Vegans of Color

Because we don’t have the luxury of being single-issue

gimme some of that identity politick August 10, 2009

Filed under: Uncategorized — Royce @ 10:24 pm
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Something a commenter said a while back stuck in my mind. I’m not gonna go look for the exact comment, because it was a while back, and the specific of it don’t matter that much for what I want to talk about. The gist of it was about how VoC must secretly be run by Republicans (the most liberal-bougie insult I can personally think of) and how this person didn’t want us to speak for them.

I don’t want to speak for anyone (and truthfully if they cared, they could have asked to be a blogger here as well). I don’t think I, VoC, or anyone else, could be the Authoritative voice for people of color who are vegans. I’d also question anyone who could believe that vegans, people of color, or vegans of color (and every other identity) is a monolith that could be spoken for by one person or group.

So if one is rejecting essentialism, what’s the point of identity? When I can’t speak for Black folks, men, or any of the other identity groups I share commonalities with, then whats the point of joining under the banner of ‘vegans of color’ (or people of color, Black people, etc– you get the idea). I’d argue that the number of issues VoC has brought up over the past few years could make part of it obvious.

The only commonality that all vegans share is the abstention from animal products. The only commonality that all vegans of color share is abstaining from animals while also bearing the weight of systemic racism. We all bear it in different ways, but that allows us to give a multitude of viewpoints that can’t be seen from the center.

Because we must explicitly speak in multitudes (while the amorphous One speaks in unison) there is no vegan of color viewpoint. Only viewpoints. Viewpoints that often get overlooked/stomped on/overshadowed by the One.

So when I speak please don’t think I (and I’d assume most of the bloggers here as well) speak for you (seems to me thats the white patriarch in your head talking). I speak only as a Black, queer/questioning, able-bodied, working-class rooted, college-educated, cisman/questioning Southern vegan in North america with horizontal politics named Royce. I’m only one in a multitude.


G-Force, war, and capital

Filed under: Uncategorized — Royce @ 8:30 am
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G-Force is Disney’s latest misanthropomorphic movie about secret agent guinea pigs who are not only bipedal, but rational, English-speaking companion animals, bearing arms in protection of the nation just like the rest of us American mammals.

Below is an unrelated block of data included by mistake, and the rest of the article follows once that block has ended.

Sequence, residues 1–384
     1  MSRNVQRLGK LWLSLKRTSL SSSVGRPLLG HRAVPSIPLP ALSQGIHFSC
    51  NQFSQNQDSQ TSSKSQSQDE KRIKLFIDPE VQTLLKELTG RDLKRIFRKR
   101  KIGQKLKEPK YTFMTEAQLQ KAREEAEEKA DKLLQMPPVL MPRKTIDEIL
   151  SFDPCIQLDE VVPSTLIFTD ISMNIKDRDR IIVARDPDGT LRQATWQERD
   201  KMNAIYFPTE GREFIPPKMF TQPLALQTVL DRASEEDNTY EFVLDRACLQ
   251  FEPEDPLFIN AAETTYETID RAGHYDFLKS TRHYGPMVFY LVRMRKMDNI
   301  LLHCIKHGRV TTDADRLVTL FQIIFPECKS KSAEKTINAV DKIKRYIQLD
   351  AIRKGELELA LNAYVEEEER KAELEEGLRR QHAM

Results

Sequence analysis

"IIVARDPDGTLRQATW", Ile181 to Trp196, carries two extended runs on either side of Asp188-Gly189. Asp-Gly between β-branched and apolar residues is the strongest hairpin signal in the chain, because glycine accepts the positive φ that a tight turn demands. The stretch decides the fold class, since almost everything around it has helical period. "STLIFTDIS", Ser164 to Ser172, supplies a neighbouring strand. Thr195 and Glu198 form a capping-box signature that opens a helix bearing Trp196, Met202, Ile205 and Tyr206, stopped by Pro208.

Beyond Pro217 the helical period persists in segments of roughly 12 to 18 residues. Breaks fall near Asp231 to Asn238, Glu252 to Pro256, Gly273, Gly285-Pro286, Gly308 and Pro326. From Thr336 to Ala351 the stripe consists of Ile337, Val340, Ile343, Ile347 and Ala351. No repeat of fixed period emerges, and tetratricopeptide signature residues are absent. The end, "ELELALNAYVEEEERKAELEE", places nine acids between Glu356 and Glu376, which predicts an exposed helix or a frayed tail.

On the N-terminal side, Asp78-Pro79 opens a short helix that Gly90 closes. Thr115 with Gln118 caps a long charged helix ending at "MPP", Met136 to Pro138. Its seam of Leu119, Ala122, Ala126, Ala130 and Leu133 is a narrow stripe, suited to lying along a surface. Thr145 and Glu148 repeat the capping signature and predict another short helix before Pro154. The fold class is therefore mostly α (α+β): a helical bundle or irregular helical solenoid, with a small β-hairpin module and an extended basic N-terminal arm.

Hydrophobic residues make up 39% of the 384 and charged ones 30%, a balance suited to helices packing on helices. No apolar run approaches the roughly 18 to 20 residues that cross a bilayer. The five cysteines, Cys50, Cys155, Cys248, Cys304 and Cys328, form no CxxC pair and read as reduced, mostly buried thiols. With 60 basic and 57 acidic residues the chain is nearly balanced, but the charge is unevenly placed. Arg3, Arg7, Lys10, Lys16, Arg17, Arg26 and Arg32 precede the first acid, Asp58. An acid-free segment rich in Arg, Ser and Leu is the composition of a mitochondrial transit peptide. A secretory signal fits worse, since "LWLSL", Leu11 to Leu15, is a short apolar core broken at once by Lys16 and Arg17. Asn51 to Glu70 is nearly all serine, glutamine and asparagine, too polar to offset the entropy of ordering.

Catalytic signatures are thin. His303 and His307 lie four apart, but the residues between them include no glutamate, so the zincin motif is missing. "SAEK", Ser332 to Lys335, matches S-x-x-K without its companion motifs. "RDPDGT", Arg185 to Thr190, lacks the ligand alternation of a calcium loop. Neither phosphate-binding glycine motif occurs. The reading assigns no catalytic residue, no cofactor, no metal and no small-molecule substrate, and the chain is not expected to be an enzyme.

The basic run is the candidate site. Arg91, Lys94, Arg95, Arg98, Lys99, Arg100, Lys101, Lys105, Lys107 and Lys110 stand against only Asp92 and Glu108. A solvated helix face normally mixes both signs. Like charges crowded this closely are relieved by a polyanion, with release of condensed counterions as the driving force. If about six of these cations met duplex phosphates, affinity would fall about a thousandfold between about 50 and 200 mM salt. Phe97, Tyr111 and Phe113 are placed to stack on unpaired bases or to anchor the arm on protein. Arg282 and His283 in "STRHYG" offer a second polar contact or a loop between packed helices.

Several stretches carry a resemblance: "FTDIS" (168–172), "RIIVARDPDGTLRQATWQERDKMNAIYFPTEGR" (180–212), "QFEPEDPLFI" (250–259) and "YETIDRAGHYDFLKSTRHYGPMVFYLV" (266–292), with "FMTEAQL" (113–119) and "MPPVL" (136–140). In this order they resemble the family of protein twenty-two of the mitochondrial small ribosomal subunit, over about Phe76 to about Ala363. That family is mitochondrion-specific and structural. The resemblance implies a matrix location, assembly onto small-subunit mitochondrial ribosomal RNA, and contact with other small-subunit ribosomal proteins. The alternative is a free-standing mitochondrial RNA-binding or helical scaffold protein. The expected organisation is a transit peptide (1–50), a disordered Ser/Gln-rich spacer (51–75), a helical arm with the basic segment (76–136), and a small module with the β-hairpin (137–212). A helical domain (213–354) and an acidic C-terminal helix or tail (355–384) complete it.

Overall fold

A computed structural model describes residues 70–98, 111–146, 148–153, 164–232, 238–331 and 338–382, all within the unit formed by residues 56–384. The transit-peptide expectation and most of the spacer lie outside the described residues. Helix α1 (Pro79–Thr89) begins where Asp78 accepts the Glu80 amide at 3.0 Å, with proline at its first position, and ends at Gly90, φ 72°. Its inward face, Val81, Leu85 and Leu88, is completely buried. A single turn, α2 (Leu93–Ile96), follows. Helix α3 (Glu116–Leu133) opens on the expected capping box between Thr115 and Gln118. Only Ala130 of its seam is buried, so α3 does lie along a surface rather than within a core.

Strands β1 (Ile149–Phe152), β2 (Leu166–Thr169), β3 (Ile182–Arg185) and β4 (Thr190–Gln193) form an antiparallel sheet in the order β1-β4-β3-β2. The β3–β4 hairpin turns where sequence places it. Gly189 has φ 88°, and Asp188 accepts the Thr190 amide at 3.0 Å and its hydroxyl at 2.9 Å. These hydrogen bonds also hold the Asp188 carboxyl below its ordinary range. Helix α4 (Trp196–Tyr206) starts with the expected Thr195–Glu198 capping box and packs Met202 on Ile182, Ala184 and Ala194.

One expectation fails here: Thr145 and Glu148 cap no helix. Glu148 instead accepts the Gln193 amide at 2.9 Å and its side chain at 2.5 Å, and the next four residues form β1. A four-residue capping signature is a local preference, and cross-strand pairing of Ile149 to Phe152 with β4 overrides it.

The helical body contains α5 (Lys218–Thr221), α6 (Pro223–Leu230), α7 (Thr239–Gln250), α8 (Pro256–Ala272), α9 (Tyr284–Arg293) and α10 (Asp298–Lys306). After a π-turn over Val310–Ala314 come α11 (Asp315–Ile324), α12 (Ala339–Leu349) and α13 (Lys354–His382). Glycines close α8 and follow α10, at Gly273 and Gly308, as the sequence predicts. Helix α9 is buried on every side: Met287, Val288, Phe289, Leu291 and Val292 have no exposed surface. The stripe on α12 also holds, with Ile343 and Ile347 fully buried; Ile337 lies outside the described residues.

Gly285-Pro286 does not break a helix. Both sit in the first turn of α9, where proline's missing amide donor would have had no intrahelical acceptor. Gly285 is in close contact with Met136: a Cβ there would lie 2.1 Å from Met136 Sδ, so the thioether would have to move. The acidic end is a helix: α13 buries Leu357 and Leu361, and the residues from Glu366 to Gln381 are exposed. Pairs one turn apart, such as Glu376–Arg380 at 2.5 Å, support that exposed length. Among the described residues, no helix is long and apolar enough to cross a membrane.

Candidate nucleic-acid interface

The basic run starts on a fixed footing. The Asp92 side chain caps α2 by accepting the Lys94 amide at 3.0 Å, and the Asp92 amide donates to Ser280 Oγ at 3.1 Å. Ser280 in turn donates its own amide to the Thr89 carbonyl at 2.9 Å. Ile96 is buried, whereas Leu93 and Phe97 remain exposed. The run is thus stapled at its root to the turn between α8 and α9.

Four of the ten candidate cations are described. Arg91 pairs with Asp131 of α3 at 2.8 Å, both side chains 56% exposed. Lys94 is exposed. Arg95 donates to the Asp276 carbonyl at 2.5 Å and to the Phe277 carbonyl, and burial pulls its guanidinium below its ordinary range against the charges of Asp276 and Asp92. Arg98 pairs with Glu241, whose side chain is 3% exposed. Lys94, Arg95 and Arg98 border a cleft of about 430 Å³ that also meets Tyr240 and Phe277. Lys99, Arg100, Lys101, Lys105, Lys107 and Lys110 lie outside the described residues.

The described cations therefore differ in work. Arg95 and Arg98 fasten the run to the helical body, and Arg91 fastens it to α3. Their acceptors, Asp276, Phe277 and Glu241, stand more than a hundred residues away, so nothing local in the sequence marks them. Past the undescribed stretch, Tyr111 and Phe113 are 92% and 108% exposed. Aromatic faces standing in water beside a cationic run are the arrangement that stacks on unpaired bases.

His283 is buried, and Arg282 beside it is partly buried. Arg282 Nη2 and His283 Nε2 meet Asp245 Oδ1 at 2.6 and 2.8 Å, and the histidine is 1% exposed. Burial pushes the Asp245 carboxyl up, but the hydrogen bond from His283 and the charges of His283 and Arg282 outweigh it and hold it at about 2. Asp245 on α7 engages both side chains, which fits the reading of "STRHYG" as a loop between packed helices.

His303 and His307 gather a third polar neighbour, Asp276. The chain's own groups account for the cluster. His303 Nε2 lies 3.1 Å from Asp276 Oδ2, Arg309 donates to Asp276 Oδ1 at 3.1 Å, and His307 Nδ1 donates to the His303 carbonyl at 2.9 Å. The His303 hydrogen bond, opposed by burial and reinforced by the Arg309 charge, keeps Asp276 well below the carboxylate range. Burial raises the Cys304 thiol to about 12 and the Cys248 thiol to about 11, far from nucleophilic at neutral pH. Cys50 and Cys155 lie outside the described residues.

That is how Los starts out the latest post over at hudsonvalleyvegan.

The post covers a lot of topics, but a quick rundown:

  1. G-force will cause a lot of guinea pigs to be abandoned.
  2. The movie depends on misanthropomorphism (creating fictional similarities and ignoring real ones).
  3. Animal usage and war have been connected for a long time.

I found it a fantastic read, and it seemed to focus on a lot of things I had been thinking about lately.


animal studies

Filed under: Uncategorized — Royce @ 6:20 am
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This summer I’ve read a number of books that fit into the grouping of animal studies. Interestingly most of these came from Columbia University Press. A year ago I didn’t even know that animal studies existed, and now it seems to be popping up everywhere: example one and example two. Hell, even my school is offering an animal studies course without actually calling it as such:

Animal Metaphors. When humans place themselves above and beyond nature, they are more likely to engage in practices that are destructive to the environment. The purpose of this course is to discover how and why humans so often define themselves in opposition to the animal world, and to use both art and science in order to explore alternative identities that would help us come to terms with our own “animal” being. As we consider stories about animals in various works of literature and film, we study humans themselves as a species to which evolution has bequeathed a host of traits and capacities, including the capacity for story-telling. Readings in cognitive science and evolutionary psychology help us to reframe questions of human identity in relation to animals. Towards the end of the course, we examine ways in which various cultural narratives, including ecocriticism, have been transformed by a more scientifically informed appreciation of animals as metaphors, and of humans as “metaphorizing animals.”

So I began looking around to see if there were any animal studies programs, and all I could find was the graduate specialization at Michigan State. Does anyone know of any others?

I’m really liking this trend towards multi- and interdisciplinary explorations of subjects (most of the courses I’ve taken in school were in urban studies, women studies, media studies, and american culture), and I’m also glad to see that many manifestations of animal studies are largely critical with an eye towards improving human and nonhuman interactions.

The most disappointing aspect of animal studies so far?

You guessed it: the field is dominated by white men. Which could help explain why so many of the books coming out are boring explorations into the same Derrida text (I love Derrida, but let us do something new). I want to see some queer theory, feminist theory, critical race theory, crip theory, postcolonial theory and so on and so forth intersecting with animal studies.